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The Writers Guild of America (WGA) went on strike May 1. This will change what you see on-screen, starting right now. Here’s what has happened so far and what could lie head.
Why the people who write the shows you watch have gone on strike
A WGA member survey found that writers’ pay has plunged 14 percent in five years, and writer-producers earn 23 percent less than 10 years ago. Some say their earnings have been cut in half. Their income will likely plummet more soon, thanks to technology and a grim economy. Bill Lawrence, cocreator of the terrific show Shrinking, which stars Jason Segel and Harrison Ford, told the Los Angeles Times, “This will become a business that you can only do if your parents are well-off enough to help pay your rent.” Some writers have already moved back in with their parents.
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The first casualty of the strike: Late night just went dark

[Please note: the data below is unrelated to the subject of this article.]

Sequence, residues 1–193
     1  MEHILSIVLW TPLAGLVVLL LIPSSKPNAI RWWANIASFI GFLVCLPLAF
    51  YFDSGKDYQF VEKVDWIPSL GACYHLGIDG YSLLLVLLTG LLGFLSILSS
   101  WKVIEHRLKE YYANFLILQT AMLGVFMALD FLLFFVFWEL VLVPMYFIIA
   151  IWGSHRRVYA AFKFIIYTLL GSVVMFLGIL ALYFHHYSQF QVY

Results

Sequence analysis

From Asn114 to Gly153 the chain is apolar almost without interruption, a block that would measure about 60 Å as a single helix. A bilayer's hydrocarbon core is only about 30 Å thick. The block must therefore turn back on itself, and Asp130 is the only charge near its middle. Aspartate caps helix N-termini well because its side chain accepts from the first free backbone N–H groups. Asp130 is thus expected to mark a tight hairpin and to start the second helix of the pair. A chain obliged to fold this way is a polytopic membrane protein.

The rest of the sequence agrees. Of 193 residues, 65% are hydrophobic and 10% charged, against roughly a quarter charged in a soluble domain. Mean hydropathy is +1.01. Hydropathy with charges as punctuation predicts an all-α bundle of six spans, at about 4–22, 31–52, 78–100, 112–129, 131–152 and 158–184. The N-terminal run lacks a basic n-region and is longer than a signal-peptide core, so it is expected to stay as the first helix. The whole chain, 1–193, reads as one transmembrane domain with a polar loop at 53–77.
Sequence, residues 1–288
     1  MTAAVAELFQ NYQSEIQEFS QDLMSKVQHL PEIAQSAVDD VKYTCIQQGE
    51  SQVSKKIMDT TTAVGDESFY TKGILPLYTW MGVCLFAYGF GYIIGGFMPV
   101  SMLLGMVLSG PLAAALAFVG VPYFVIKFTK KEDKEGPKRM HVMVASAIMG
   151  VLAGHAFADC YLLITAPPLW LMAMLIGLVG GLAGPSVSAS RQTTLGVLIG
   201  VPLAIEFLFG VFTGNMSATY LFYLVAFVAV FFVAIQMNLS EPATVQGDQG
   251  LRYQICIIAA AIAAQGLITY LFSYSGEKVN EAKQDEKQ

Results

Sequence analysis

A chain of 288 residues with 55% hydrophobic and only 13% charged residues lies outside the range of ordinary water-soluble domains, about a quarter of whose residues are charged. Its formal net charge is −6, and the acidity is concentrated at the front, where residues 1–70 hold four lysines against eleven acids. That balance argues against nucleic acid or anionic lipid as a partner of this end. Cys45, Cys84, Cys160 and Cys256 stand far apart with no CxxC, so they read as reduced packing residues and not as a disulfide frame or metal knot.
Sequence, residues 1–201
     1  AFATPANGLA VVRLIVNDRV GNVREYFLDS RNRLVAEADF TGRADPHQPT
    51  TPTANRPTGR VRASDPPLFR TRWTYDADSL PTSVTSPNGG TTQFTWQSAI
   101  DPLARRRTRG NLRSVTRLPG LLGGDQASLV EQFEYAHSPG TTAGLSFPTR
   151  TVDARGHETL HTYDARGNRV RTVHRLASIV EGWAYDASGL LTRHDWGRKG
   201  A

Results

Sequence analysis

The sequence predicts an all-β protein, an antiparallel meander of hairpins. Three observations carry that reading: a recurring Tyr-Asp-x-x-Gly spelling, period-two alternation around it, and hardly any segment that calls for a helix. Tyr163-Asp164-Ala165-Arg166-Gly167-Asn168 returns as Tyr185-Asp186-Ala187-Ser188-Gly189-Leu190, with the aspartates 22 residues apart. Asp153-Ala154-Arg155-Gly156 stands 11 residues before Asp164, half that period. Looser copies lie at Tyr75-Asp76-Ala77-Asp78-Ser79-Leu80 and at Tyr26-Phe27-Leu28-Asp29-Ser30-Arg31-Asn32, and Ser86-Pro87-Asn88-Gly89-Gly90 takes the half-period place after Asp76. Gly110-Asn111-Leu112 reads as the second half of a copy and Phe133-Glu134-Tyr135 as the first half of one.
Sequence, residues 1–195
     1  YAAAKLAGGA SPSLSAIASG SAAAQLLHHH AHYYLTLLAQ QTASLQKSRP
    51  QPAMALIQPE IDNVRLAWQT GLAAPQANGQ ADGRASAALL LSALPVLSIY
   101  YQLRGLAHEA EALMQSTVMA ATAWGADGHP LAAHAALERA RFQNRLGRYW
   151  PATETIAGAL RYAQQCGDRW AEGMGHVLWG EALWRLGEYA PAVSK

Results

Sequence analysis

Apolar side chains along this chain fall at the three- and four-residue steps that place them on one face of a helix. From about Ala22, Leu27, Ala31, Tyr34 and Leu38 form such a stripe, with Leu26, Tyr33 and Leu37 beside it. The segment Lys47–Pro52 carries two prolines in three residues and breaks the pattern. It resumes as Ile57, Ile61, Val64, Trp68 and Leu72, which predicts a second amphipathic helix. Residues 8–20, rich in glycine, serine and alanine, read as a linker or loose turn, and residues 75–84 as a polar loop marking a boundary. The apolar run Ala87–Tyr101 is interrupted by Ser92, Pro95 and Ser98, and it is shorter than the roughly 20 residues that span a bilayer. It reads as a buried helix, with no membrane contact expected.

Without his writers, Stephen Colbert joked on May 1, “this show would be called The Late Show With a Guy Rambling About the ‘Lord of the Rings’ and Boats for an Hour.” On May 2, Colbert, Jimmy Fallon, Jimmy Kimmel and Seth Meyers shut down their shows’ production. It’s likely no accident that James Corden ended his show last week. Saturday Night Live canceled this week’s show, which was to be hosted by Pete Davidson, and will air reruns “until further notice.”
Next to go: daytime soap operas — and maybe prime-time hits
Soaps are likely to start running out of scripts by June. And don’t bet the ranch on your favorite prime-time shows’ new seasons. May is when writers usually start creating the fall TV season, and for now, they won’t be doing so. Maybe we’ll see a winter TV season instead. Movies take longer to make, but the strike could delay them, too, if it lasts long enough.
How long will the strike last?
The last writers’ strike, in 2007–8, lasted 100 days. The 1998 strike lasted 153 days.
What the writers want
The strikers are asking for $429 million a year in raises. “That’s less than The Super Mario Bros. Movie grossed in the US in a month,” showbiz pundit Mark Harris posted on Twitter. It’s an average raise of $37,304 for the 11,500 writers. “When [Netflix CEO] Ted Sarandos is making $50 million, the optics are so bad,” says Chapman Film School Dean Stephen Galloway. “It’s also about respect. A lot of writers really believe that the companies that make the shows really want to shut down the Guild.”
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